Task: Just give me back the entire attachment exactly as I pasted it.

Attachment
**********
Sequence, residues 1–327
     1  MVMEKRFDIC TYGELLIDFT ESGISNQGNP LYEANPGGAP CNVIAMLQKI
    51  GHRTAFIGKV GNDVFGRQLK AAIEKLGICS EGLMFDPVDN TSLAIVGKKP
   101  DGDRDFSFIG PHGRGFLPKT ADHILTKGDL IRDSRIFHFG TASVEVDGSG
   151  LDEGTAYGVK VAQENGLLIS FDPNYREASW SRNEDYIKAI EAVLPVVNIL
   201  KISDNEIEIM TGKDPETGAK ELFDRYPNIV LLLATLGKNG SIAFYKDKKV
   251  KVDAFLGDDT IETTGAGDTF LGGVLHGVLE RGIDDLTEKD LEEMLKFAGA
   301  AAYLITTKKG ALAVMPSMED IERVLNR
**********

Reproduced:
Sequence, residues 1–327
     1  MVMEKRFDIC TYGELLIDFT ESGISNQGNP LYEANPGGAP CNVIAMLQKI
    51  GHRTAFIGKV GNDVFGRQLK AAIEKLGICS EGLMFDPVDN TSLAIVGKKP
   101  DGDRDFSFIG PHGRGFLPKT ADHILTKGDL IRDSRIFHFG TASVEVDGSG
   151  LDEGTAYGVK VAQENGLLIS FDPNYREASW SRNEDYIKAI EAVLPVVNIL
   201  KISDNEIEIM TGKDPETGAK ELFDRYPNIV LLLATLGKNG SIAFYKDKKV
   251  KVDAFLGDDT IETTGAGDTF LGGVLHGVLE RGIDDLTEKD LEEMLKFAGA
   301  AAYLITTKKG ALAVMPSMED IERVLNR